This does not justify anti-immigration arguments, just as it doesn’t justify racism. There are white British Muslims, there are white British Christians, and all of these people hold the same basic meta-physical beliefs which led directly to terrorism in various circumstances over the last decades. These seeds flower into terrorism more often in non-secular countries, of course, but in my opinion there is every reason to believe that blanket immigration bans (which is the only way to guarantee no future terrorists enter the country) will lead to British nationals taking up the cause of Jihad instead. The most infamous British terror attack was in fact committed by British nationals.
Terrorism or Religion?
The difference between religious violence and terrorism, assumedly, is that when Christians bomb abortion clinics, or picket the funerals of dead soldiers, this is not called terrorism as it often involves white people. The logic and intent is the same but we judge the action differently due to the look of the aggressor involved. In countries which see themselves as ‘white’ countries, other white people are perhaps not terrifying.
This point is, of course, largely irrelevant when it comes to preventing future attacks; it doesn’t matter what we call it, even if it is an interesting side note about our bias. What matters is that we don’t aim our hostility toward people of certain races – this is irrational. We also shouldn’t fall into the arms of irrational political parties, especially those that couldn’t even run a country in theory, simply because we are scared of terrorists flooding into the UK. British nationals have been involved in terrorist activity before, and likely will be again.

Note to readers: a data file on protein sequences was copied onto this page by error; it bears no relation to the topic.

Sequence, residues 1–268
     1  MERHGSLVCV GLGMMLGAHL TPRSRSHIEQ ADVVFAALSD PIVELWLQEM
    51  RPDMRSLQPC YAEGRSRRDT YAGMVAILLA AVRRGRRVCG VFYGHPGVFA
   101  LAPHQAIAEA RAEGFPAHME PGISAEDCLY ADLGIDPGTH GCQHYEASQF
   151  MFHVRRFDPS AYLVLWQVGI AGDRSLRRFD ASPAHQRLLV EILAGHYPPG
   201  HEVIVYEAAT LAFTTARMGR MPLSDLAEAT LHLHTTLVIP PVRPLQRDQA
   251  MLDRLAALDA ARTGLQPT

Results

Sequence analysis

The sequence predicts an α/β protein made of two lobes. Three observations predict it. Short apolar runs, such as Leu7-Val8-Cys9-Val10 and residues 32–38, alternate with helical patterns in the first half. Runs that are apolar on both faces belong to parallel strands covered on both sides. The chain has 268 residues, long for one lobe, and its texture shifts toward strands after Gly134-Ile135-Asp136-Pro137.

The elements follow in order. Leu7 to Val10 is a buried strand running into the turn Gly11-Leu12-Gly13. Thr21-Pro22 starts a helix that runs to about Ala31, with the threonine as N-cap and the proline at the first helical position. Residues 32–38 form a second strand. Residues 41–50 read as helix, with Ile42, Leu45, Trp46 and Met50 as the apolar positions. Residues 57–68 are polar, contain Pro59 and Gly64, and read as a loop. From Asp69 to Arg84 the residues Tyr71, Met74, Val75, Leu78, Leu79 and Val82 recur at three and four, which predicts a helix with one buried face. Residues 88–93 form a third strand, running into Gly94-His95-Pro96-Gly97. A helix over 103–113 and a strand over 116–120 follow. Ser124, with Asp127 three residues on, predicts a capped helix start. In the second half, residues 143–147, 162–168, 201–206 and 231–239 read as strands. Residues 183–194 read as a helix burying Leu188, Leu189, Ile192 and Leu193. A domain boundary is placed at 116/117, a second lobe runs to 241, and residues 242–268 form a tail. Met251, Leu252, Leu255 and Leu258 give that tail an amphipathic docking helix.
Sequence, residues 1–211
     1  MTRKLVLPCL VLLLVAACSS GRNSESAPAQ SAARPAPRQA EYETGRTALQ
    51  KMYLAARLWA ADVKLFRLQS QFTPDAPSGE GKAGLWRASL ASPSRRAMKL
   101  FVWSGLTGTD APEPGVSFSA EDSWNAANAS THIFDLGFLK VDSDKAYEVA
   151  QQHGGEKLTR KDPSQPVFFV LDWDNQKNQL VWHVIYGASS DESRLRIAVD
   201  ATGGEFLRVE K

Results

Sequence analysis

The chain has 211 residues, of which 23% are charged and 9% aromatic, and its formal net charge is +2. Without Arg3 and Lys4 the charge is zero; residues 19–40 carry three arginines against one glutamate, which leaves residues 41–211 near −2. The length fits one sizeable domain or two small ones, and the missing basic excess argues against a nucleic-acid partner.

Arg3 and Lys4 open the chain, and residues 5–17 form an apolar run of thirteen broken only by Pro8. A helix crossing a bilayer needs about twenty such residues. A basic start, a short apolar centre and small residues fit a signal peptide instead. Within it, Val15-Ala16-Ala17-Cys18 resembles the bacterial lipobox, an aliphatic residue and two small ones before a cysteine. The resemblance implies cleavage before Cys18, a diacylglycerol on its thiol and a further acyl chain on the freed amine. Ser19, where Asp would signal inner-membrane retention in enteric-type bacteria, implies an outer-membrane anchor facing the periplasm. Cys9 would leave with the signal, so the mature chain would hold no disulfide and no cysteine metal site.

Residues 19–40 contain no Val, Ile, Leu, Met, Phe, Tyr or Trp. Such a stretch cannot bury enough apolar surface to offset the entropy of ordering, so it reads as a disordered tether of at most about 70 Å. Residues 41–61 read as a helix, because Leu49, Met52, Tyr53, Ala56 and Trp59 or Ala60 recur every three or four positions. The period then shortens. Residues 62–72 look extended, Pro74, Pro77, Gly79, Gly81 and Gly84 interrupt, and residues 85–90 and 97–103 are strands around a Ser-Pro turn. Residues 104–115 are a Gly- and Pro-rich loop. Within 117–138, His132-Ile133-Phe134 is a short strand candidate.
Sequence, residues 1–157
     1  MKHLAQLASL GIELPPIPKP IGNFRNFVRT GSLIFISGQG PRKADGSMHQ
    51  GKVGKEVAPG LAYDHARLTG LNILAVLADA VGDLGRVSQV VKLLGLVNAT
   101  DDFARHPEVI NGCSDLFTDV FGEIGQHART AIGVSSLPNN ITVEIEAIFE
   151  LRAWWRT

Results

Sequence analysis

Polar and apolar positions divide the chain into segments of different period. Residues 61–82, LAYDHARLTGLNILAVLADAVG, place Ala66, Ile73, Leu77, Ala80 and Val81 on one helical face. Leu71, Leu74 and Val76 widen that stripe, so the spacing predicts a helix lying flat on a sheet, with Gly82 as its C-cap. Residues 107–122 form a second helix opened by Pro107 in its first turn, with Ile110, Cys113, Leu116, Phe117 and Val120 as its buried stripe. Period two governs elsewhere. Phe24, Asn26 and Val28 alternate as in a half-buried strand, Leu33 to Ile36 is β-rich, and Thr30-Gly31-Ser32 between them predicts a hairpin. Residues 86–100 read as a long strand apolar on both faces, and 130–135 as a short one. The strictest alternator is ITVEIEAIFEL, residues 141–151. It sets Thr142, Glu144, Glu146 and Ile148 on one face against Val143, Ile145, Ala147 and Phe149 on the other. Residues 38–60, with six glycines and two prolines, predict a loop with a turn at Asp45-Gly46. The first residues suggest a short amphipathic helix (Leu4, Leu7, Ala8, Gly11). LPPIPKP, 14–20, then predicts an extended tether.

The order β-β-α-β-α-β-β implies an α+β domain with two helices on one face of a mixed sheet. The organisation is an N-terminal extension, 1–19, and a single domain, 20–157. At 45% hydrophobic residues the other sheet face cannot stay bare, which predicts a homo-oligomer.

It is important that we aim at progress though, which involves pointing out the role of religion. These dusty old books, if taken at face value, justify atrocious actions. So we can no longer deem unquestioned ‘faith’ to be the preserve of good people if we want to prevent terrorist attacks. The Woolwich murderers did not utter ‘End the recession’ or ‘Kill the British people’, they said ‘Allah Akbar’ which translates as ‘God is great’. We could ignore the idea of Jihad, and the sincere statements of people who happily risk their lives and their freedom for their religious views, but to do so is ignoring the source of the problem. This is not a problem of race or nationality, or of economic social problems. It’s a problem of religion. We shouldn’t shy away from pointing this out when innocent people are at risk, and it is also not ‘Islamophobic’ to do so. All religions cause these problems, it is simply the modern world where Islam happens to cause them more so.